Several children’s heart surgery units should stop performing operations and merge with bigger, specialist centres to improve patient safety and care, according to a new report.
The review, carried out for the NHS National Specialised Commissioning Group, will help to determine which of England’s 11 paediatric heart units are amalgamated.
Some units currently have one or two surgeons, but the report says there should be a minimum of four at each centre to deal with emergencies and to provide round-the-clock cover.
Under the plans, staff will be required to move to other centres or remain at their units, which will focus on diagnostics and non-surgical care.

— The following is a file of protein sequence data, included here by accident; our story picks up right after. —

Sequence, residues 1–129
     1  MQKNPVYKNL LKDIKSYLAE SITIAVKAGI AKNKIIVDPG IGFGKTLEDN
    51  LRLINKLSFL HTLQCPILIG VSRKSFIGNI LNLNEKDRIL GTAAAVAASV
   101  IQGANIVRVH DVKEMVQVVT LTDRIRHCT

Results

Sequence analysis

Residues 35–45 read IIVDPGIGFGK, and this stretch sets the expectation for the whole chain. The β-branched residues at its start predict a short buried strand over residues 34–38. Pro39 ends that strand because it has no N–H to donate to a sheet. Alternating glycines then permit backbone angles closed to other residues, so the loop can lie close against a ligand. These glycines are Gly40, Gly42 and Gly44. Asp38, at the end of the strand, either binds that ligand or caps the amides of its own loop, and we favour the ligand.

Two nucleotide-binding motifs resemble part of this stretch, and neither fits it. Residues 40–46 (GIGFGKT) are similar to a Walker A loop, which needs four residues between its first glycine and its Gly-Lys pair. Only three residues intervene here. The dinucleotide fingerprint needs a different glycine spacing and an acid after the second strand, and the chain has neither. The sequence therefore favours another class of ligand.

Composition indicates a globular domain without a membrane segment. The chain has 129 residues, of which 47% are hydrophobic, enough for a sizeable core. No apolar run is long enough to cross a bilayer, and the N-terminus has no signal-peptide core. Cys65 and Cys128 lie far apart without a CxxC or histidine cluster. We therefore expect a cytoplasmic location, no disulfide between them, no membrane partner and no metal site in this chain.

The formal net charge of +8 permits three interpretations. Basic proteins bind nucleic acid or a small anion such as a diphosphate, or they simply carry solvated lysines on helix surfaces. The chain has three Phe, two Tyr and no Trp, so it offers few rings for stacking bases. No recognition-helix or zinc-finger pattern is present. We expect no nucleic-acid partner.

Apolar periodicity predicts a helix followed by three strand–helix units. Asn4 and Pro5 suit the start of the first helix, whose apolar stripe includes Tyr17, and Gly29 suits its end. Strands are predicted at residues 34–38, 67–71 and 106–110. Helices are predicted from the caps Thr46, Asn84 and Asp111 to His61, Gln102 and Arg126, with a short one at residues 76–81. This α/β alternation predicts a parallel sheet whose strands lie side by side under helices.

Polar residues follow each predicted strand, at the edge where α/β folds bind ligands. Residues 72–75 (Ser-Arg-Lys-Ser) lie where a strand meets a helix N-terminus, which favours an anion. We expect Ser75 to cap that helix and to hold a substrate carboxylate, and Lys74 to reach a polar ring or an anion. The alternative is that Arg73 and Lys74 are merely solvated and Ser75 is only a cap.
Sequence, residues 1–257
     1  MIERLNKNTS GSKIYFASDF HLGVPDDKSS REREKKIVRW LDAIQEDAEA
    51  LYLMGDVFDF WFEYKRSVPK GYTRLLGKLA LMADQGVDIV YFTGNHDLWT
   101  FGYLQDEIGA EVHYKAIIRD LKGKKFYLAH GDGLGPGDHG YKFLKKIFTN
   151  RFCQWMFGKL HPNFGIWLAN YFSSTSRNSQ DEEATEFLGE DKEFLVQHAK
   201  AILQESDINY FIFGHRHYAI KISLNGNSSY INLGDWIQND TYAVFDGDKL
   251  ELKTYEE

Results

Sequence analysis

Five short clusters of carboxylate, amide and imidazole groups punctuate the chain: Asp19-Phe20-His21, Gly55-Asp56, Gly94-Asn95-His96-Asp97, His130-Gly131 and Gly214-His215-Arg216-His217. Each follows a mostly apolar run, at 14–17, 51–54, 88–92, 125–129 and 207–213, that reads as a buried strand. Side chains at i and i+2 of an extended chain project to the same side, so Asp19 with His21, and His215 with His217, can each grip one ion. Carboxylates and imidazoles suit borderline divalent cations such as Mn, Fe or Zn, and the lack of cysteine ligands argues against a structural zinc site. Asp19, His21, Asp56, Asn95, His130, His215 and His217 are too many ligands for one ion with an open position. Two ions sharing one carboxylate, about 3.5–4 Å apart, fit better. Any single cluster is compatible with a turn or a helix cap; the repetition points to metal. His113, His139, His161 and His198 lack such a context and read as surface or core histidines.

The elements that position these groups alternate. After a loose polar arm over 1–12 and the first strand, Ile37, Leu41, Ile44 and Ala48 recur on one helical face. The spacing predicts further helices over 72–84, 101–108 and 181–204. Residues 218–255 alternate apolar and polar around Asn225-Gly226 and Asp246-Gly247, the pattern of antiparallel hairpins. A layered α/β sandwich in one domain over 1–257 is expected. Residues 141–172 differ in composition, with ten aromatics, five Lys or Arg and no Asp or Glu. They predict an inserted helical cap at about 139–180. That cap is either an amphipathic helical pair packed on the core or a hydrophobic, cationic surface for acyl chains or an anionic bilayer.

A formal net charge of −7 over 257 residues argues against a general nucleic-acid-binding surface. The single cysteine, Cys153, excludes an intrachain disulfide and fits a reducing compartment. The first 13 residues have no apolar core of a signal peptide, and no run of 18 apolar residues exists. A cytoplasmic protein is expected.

Professor Chris Ham, chief executive of healthcare think tank the King’s Fund, told the BBC: “There are a number of areas of medical care where we know if you do concentrate services you will get better quality and better patient safety.
“That is the fundamental argument behind concentrating services in fewer centres, and children’s heart surgery is one very good example of that.”
The review was launched in 2008 by Sir Bruce Keogh, the NHS medical director, in response to a rising demand for complex surgical procedures.
Each year, around 3,600 operations are carried out on children with congenital heart defects.